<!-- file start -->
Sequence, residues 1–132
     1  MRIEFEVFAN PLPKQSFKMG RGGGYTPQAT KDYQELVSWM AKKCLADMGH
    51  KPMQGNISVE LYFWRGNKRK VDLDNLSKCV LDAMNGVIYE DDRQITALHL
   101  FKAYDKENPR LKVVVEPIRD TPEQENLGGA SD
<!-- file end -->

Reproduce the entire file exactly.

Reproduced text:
Sequence, residues 1–132
     1  MRIEFEVFAN PLPKQSFKMG RGGGYTPQAT KDYQELVSWM AKKCLADMGH
    51  KPMQGNISVE LYFWRGNKRK VDLDNLSKCV LDAMNGVIYE DDRQITALHL
   101  FKAYDKENPR LKVVVEPIRD TPEQENLGGA SD